Let me make sure I asked the question clearly - I did notice my code got truncated so I justed add to the end.

If I run that full code, I get an average loss on the last epoch of 387.385345 on my machine. If I rerun it all again I get the same answer. If I restart the kernel and re-run again I get the same answer. So, it seems to be reproducible which was what I was hoping to figure out how to do.

However if I restart the kernel and run the whole code again I get 387.385345 for the last epoch. BUT if I then run only block #2 without first running block #1, the result changes. I cant figure out what needs to rerun in block #1 to get the same result.

Is this still expected behavior - so we can no expect to reproduce a network?

As you explained before, you are indeed reproducing the exact network by running the script, which is really good!

However, your second use case is expected. Running only block 2 won’t give you the exact same results as running the whole script together, because you have already sampled some random numbers.
Since the seeded PRNG was already used, it will return new random numbers, which might change the behavior of block 2.

If you really want the same results for each block, you would have to re-seed all number generators in each block. Could you try that?

Of the seeds I was using:


import random

cuda=True #set to true uses GPU

if cuda:

It appears that only this one is required each time: torch.manual_seed(123)
The cuda one is not (I am using a GPU).

If I do this each time, then things are the same! I was under the impression that setting a seed like this would mean that the random number was used each time - held in memory. That is not the case?

The pseudo random number generator uses a seed to generate a sequence of numbers whose properties approximate the properties of sequences of random numbers. Using a seed, the PRNG will always return the same numbers in the same orders.
But it will still generate different numbers, which appear to be random.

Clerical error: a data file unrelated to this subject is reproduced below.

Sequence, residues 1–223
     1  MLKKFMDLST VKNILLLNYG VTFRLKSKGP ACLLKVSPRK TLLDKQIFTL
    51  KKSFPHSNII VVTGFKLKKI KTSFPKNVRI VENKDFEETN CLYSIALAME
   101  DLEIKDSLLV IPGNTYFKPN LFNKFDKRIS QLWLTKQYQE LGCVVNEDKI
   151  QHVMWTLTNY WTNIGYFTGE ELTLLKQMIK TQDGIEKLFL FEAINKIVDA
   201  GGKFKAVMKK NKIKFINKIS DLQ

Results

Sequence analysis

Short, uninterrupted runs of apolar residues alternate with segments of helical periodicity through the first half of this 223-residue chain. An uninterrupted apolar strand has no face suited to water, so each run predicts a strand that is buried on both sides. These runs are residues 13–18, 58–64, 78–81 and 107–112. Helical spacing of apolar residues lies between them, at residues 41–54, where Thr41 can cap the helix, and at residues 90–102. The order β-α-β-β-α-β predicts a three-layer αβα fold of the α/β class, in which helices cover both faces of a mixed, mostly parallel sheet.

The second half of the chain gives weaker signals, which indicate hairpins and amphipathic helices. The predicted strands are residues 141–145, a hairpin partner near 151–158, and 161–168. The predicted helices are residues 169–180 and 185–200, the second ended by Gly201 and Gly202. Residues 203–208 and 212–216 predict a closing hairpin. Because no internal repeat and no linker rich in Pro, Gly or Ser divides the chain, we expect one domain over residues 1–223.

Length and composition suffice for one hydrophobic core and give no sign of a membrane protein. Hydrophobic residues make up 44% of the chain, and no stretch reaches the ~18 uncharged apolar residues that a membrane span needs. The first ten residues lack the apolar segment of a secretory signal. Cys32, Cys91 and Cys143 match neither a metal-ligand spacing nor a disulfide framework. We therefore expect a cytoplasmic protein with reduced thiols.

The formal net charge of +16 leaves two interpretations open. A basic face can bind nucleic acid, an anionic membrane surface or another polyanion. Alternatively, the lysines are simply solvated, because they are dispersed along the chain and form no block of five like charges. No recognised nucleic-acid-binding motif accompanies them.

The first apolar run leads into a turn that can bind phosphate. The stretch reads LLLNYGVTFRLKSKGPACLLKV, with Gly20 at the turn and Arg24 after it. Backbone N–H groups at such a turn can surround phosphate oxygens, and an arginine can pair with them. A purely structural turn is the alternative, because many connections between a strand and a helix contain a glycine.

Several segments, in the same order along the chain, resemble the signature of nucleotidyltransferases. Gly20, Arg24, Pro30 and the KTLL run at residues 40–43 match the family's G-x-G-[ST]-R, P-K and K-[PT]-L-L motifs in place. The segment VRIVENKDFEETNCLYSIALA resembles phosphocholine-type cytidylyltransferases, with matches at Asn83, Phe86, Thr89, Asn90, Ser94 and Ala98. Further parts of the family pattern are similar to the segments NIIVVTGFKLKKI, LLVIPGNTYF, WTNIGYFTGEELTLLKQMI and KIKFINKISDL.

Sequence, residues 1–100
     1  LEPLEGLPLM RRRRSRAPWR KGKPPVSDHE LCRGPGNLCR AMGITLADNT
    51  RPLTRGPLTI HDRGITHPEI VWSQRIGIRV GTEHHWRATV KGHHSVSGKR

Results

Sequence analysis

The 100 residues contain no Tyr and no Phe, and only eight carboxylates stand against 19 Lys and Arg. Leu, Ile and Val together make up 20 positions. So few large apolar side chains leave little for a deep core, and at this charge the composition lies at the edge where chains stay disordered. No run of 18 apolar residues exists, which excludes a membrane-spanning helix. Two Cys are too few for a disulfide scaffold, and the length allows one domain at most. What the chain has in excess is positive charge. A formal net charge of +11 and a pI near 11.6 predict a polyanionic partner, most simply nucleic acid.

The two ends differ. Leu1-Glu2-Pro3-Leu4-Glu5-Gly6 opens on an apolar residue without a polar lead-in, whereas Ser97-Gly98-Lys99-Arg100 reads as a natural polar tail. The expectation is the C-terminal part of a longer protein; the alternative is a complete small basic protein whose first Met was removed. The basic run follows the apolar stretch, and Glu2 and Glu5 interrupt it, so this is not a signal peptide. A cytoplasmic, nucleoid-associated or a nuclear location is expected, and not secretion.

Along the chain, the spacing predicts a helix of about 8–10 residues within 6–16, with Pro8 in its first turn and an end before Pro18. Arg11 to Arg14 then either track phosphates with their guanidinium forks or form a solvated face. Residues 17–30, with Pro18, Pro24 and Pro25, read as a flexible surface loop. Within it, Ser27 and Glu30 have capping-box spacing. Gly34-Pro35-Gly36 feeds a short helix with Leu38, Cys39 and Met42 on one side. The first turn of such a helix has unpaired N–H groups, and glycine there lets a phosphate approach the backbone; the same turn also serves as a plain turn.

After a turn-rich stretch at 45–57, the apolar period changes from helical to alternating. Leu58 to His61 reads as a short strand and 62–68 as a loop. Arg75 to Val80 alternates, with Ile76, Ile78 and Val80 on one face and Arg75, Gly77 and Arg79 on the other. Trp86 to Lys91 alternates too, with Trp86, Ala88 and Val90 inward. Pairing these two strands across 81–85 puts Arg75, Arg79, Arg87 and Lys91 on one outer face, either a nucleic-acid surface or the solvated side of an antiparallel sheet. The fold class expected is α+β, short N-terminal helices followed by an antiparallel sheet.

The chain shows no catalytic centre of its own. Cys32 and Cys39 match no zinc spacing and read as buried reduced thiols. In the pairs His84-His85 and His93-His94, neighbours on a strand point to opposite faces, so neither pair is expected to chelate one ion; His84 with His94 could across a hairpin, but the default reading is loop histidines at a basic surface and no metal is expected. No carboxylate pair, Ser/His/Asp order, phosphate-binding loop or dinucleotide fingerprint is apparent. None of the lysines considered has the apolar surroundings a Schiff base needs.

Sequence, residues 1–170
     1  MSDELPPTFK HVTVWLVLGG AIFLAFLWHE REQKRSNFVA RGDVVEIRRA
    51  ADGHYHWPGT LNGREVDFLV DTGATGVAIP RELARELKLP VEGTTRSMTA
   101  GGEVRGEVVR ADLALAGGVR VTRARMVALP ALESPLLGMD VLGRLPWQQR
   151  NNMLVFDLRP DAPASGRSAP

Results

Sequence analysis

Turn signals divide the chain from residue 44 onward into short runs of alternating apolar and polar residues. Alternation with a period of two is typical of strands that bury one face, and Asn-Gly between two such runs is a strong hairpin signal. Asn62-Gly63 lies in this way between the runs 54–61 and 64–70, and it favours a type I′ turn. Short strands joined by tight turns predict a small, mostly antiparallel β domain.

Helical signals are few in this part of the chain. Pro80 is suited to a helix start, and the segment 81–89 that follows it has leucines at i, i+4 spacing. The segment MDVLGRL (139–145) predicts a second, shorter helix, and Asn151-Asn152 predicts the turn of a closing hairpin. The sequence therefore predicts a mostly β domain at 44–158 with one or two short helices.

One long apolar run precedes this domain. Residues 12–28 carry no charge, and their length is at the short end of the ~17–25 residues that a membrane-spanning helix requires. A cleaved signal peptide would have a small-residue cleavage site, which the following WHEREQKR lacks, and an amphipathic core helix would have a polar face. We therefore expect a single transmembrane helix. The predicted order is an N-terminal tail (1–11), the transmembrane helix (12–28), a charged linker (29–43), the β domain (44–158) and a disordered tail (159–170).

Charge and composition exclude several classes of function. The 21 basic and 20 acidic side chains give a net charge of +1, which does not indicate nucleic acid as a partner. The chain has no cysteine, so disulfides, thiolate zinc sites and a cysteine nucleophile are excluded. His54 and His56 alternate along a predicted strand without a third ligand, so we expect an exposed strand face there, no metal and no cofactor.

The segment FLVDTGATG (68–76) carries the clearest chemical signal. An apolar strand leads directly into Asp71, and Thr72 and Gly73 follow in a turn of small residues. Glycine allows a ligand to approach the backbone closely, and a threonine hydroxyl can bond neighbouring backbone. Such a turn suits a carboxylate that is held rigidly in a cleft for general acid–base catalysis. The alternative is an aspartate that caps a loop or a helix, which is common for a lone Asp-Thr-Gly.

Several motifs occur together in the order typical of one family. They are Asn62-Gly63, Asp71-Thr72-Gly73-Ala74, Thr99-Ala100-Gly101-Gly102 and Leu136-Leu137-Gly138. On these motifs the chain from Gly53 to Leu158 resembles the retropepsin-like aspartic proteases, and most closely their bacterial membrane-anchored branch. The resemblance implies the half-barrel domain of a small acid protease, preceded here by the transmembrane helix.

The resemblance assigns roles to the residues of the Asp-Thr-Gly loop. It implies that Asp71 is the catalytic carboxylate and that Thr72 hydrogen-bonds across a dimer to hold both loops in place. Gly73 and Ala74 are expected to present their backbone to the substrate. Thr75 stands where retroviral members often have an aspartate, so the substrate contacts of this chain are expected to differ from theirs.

Have a look at the Wikipedia page for more information.

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So, just to complete my education here, is it accurate to say that torch.manual_seed(123) will produce a sequence of random numbers, always the same…but that each time it is called by the rest of the code, where at in the sequence returned will change? And running torch.manual_seed(123) again resets the pointer to the first slot?

Finally, is it odd that torch.cuda.manual_seed(123) doesnt seem to be needed even though I am training on a GPU?

Yes, you are right. Have a look at the example code:

a = torch.empty(10).random_(100)
b = torch.empty(10).random_(100)
> tensor([ 37.,  81.,  75.,  39.,  77.,  30.,  23.,  28.,  96.,  66.])
> tensor([ 27.,  49.,  75.,  11.,  71.,  48.,   6.,  74.,  41.,  20.])

a = torch.empty(10).random_(100)
> tensor([ 37.,  81.,  75.,  39.,  77.,  30.,  23.,  28.,  96.,  66.])

As you can see, the same 10 “random” numbers were sampled after I reset the seed.
The same goes for randomly sampled values on the GPU:

a_cuda = torch.empty(10, device='cuda').random_(100)
b_cuda = torch.empty(10, device='cuda').random_(100)
> tensor([ 85.,  23.,  41.,  10.,  21.,   6.,  84.,  88.,  13.,  17.], device='cuda:0')
> tensor([ 53.,  20.,   8.,  56.,  17.,  34.,  55.,  14.,  68.,  41.], device='cuda:0')

a_cuda = torch.empty(10, device='cuda').random_(100)
> tensor([ 85.,  23.,  41.,  10.,  21.,   6.,  84.,  88.,  13.,  17.], device='cuda:0')

If you don’t sample random numbers on the GPU, the manual seed won’t have any effect.
However, I would still recommend setting all the seeds in case you sample on the GPU.